But we all know that this hair-hateration isn’t anything new or unique to Brazil. But maybe the tide is turning? Just this month, Sony Music was ordered to pay over half a million dollars in compensation after releasing a “hair-ist” song in 1997; the song is all about a black woman who smells bad and has hair like a scouring pad (Google “Veja os Cabelos Dela [Look at Her Hair] for the full story).
Shelli: And/or you can check out the article on CurlyNikki here.
What is the hair norm for Black/Brown women where you live? If natural hair is not the norm, is it becoming more prevalent?
To be honest, there are not very many “visibly Black” women where I live, although almost everyone here has some brown in them. When I do see Black women out and about, I feel the urge to give them “the nod” as we pass each other (like Black folks do in US cities where they’re not in great numbers). These women are usually travelling to work as domestic help in affluent homes – but that’s another story – and tend to have relaxers, whether WnG or straight. I have seen only a handful of other naturals on the street and usually in an artsy context (street/artisan fair, music concert, etc.).
I should clarify that I live in São Paulo, which is the most formal/professional city in the country; people here tend to be more conservative than, let’s say, people from Rio. When I visited that city, I did see more naturals out and about, but still not as many as I would have expected. I’ve been told that I have to visit the north to get a better sense of the Afro-Brazilian community.
What is your regimen? Do you use/prefer commercial or natural products? Are the products that you like and want to try readily accessible and affordable? Where do you purchase them?
I tend to wear my hair in its curly form, but pulled back. Since people constantly comment on how young I look – which never sounds like a compliment in a professional setting – I tend not to wear my curls down. I did once and it sparked a huge reaction; people sought me out to tell me how much they loved my hair and that I should wear it out more often …the irony of it being that the majority of the women here straighten their own hair.
I’ve become more determined to get serious about maintaining my hair recently because, when I got to Brazil, my hair was falling out in clumps. At first, I wasn’t bothered. Then, when my husband started to agree that it was unusual, I went to see a dermatologist. A hormone imbalance meant that I was experiencing – wait for it – male pattern baldness. She prescribed something to balance me out, super duper hair vitamins (containing keratin as a main ingredient) and a topical solution. Five months on, I’m beginning to see some of the hair grow back.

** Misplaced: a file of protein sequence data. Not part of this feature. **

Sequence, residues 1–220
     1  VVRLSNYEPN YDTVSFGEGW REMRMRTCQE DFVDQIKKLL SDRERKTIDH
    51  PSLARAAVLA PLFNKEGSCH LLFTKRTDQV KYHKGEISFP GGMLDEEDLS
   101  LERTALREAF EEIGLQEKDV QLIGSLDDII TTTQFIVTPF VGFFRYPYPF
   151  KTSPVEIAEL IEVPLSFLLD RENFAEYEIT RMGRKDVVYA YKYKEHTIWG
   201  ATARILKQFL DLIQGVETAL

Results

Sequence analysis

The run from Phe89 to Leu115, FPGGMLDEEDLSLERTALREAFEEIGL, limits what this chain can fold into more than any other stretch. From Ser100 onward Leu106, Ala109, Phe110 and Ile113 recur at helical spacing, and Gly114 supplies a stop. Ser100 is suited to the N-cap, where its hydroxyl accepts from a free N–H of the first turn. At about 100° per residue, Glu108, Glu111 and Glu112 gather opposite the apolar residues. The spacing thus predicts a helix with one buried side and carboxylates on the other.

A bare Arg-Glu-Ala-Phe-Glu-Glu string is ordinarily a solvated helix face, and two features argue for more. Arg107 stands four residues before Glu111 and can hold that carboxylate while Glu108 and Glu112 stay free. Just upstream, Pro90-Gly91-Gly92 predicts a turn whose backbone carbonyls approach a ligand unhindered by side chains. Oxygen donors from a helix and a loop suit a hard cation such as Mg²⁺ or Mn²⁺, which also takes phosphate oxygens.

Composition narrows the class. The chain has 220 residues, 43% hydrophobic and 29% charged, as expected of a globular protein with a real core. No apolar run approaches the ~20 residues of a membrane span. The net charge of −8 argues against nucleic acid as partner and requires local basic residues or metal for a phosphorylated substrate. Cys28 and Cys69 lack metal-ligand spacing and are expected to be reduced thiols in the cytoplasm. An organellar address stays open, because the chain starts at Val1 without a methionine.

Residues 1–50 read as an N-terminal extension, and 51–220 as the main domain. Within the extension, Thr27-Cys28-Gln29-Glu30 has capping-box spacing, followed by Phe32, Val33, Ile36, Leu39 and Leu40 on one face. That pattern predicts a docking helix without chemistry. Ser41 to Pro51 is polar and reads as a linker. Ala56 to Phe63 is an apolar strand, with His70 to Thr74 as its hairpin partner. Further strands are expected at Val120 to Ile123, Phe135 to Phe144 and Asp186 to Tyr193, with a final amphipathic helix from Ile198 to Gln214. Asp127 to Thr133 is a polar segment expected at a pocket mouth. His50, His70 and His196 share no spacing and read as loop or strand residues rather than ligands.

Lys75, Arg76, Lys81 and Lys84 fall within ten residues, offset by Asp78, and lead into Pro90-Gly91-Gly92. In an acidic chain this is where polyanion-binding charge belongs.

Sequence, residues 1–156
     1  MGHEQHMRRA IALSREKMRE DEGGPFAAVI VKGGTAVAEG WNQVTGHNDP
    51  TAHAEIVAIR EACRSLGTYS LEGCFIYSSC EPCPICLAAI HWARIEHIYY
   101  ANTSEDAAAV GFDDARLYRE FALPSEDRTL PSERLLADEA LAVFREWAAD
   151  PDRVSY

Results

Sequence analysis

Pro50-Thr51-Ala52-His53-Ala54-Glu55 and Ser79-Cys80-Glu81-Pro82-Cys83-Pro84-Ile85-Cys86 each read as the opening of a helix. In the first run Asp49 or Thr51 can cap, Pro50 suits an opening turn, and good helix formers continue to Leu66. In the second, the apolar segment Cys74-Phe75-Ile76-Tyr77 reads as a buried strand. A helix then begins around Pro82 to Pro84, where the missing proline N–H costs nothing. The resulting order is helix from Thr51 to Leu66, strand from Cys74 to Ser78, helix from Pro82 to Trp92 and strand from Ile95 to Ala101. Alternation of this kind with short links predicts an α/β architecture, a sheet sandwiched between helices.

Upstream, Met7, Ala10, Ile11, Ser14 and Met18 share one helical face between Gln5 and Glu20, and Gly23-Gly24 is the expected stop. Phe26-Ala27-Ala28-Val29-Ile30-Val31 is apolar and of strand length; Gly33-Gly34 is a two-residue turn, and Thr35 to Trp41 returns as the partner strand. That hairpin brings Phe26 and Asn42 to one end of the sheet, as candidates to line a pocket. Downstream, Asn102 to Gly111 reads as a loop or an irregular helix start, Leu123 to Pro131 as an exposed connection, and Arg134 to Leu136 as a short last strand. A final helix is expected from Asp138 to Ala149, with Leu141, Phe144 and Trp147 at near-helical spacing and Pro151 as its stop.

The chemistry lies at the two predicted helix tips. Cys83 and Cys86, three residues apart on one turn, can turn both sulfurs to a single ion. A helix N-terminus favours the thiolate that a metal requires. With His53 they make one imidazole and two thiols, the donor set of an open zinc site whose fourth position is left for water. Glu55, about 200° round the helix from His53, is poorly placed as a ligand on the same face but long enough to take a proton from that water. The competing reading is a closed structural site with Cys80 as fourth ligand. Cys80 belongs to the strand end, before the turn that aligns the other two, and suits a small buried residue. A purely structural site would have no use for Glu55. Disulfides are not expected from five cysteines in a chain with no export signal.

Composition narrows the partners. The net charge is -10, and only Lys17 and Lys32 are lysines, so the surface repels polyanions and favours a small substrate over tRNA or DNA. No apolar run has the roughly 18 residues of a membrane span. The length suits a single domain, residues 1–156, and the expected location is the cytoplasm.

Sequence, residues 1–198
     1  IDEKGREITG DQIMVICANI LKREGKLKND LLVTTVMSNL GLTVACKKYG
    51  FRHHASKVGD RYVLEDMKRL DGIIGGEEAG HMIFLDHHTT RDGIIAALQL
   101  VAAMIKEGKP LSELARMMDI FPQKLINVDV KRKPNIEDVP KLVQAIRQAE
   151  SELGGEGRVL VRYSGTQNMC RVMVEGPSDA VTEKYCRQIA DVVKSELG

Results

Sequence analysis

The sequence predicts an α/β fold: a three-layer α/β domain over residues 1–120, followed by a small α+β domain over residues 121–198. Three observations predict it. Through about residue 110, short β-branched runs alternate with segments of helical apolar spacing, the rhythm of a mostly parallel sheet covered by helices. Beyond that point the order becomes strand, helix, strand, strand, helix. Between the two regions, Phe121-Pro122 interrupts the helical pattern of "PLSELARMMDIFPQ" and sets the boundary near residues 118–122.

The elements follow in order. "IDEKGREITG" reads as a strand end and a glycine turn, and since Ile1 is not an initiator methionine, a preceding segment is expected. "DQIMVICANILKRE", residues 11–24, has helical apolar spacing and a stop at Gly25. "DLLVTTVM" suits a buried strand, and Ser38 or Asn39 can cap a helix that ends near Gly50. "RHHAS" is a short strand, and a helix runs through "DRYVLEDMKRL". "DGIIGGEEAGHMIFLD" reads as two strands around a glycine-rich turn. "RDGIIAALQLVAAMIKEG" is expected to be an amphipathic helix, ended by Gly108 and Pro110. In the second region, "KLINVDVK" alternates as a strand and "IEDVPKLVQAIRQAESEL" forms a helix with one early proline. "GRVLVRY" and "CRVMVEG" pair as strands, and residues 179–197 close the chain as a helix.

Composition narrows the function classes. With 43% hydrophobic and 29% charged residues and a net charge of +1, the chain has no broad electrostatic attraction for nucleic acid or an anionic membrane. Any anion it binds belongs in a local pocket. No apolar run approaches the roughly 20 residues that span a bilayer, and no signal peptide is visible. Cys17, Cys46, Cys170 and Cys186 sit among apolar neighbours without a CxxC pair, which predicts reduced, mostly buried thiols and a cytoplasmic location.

I wish that I could say I have a standard regimen, but I don’t. I try to use, as much as possible, organic hair care products, even if that means stocking up for the year when I travel to the US or UK. I sometimes pre-poo with EVOO and try to co-wash until I can’t take it anymore. I use some sort of leave-in regularly and sometimes use this old-school Alberta VO5 hairdressing crème that my aunt used to use back in the day. After reading Shelli’s posts on protein treatments, I’ve been looking up recipes for treatments I can whip up myself.
Do you go to a salon?
When my hair needs a trim, I tend to take to it myself and then get my husband to even it out; he hates doing it for fear of messing up, but I’d rather take the chance than try to convince a Brazilian hair stylist that “yes, I really DO want you to cut off more than that. t’s okay. It’ll grow back.”
Who do you follow online? Anything else that you’d like to share?
Without having girlfriends to talk to face-to-face about hair, it’s been invaluable being a part of these online hair communities. In addition to Hairscapades, I also follow Black Women of Brazil, Black Girl with Long Hair, and have recently come across Gisella Francisca, a blog by a curly in Rio.
Thanks to Shelli and others for being so devoted to “the cause” and to you all for sharing so freely.